• Mon
  • Jul 14, 2014
  • Updated: 11:20pm

Use of mercenaries is evil and repellant

PUBLISHED : Friday, 14 March, 1997, 12:00am
UPDATED : Friday, 14 March, 1997, 12:00am

The story headlined, 'Slaughter in the Pacific' (The Review, South China Morning Post, March 8) describing the use of mercenaries in the Bougainville civil war was extremely disturbing.


It is shocking to realise that so-called modern governments are acting like Mafia bosses and are hiring professional killers to settle what are essentially political quarrels over land and resources.


It seems there are castoffs and retired soldiers from the 'special forces' of the UK, the US and South Africa who are tired of civilian life and long for the thrill of holding a gun and killing indigenous people struggling to preserve their way of life.


Why has the UN, with all its professed goals of reducing the threat of war, not acted to end the scandal of hired killers? Why are supposedly civilised countries still permitted to employ men of dubious backgrounds and low morality to do their dirty work? How can a nation be said to fight crime when it allows its citizens to hire themselves out to the highest bidder overseas? It is high time the UN set up a 'war crimes - mercenary abuses' panel to stop this repellant and evil practice. Any person who hires himself out to a mercenary force will be a priori suspected of a war crime offence and subjected to trial and possible punishment on return to his home country. Obviously, the UK will oppose such a move because it would forbid the hiring in Nepal of Gurkha recruits - a mercenary army which serves to reduce Britain's 'defence' costs - an army 'on the cheap' so to speak.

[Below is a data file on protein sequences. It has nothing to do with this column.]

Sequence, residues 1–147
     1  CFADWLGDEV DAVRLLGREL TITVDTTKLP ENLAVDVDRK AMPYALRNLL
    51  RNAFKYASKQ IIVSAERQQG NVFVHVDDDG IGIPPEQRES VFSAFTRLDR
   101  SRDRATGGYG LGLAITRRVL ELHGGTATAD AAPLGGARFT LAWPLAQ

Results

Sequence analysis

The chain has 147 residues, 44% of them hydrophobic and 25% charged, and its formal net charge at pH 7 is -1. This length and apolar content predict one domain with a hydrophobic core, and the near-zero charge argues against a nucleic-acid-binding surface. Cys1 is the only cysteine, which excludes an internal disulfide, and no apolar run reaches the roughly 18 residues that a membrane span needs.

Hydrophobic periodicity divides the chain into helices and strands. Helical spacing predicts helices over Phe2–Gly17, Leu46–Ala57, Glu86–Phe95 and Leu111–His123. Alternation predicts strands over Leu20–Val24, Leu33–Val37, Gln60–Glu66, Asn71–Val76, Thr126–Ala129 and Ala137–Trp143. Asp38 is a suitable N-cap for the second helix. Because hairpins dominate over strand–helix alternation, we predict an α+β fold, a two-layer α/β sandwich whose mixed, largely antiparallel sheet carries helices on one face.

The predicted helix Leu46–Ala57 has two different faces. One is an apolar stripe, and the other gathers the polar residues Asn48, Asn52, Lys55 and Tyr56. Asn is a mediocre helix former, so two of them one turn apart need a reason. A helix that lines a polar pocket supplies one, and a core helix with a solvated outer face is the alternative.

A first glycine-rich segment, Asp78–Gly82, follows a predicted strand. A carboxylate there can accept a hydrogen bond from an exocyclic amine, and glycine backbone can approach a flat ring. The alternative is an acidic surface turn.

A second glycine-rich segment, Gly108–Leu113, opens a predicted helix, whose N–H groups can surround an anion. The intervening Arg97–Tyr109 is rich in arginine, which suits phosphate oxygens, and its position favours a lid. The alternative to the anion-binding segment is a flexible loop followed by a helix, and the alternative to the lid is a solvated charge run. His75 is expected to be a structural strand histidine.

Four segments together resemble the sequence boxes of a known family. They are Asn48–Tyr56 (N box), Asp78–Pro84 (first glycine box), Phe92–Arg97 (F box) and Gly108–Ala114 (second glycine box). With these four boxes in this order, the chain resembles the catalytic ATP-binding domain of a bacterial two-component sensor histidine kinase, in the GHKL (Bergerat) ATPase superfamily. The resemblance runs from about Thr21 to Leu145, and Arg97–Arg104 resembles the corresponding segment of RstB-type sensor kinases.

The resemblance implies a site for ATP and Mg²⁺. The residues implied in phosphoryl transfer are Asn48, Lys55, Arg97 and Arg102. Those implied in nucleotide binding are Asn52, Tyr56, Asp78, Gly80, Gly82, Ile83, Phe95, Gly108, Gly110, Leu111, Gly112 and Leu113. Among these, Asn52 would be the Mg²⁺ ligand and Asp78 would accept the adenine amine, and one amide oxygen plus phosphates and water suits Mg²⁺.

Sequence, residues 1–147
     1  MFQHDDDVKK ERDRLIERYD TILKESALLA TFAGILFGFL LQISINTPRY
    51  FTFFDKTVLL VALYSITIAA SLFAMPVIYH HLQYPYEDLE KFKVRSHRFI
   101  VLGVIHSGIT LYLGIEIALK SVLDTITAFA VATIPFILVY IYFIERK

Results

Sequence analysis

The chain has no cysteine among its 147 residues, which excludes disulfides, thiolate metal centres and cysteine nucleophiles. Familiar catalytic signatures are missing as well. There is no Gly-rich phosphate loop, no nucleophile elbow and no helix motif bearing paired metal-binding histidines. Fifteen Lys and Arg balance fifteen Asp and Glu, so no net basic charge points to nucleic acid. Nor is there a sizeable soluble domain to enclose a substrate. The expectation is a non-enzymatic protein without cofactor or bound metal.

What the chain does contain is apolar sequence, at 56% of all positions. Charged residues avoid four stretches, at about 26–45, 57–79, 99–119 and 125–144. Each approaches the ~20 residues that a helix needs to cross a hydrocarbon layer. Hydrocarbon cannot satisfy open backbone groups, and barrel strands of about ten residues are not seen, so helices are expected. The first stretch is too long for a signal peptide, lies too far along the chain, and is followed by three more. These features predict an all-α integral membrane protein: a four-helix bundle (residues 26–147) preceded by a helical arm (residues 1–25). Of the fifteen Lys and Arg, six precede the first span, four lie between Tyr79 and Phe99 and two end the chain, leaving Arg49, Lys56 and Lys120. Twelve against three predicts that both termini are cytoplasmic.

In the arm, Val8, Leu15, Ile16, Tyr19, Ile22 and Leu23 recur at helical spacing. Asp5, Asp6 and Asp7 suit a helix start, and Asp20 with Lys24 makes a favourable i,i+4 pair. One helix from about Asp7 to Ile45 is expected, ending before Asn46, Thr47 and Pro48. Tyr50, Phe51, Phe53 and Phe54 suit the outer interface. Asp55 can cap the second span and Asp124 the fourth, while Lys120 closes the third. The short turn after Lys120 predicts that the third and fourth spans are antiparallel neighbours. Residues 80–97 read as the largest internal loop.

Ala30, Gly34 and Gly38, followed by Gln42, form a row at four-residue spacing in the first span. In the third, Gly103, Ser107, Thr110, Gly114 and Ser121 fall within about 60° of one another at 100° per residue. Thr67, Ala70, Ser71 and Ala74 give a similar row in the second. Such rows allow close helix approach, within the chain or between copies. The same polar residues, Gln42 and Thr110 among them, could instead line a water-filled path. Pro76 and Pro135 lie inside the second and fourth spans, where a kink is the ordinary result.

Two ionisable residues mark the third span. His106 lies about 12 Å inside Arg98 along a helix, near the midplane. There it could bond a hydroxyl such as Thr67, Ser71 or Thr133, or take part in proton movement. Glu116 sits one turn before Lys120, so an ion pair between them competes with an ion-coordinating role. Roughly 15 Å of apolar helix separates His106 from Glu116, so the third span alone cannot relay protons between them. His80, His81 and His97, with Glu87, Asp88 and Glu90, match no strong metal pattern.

Since the UK is a member of the UN Security Council, it would naturally block any move by peace-loving nations to end the long-standing custom of employing mercenaries, but the future Labour government would be well advised to consider this desirable reform.


With the end of the Gurkhas' service in Hong Kong, the last remaining function they perform is upholding the Sultan of Brunei, the richest man in the world and protecting the oil resources in which Britain has interests.


We certainly don't expect to see Gurkhas facing down Catholic or Protestant protesters in Northern Ireland, despite the loud statements by British officialdom that they are the equals of any soldiers in the British Army. Lovers of tradition will cry that the mercenaries from Nepal have served well (and cheaply) for over 150 years. But we know that even beloved traditions like the Mafia and hired assassins in general should give way to social progress and a raising of international peace standards.


Phasing out the mercenary Gurkhas would enhance Britain's image as a peace-loving nation and might even induce young Britons to defend their nation rather than hiring Asians to do it.


J. GARNER Kowloon

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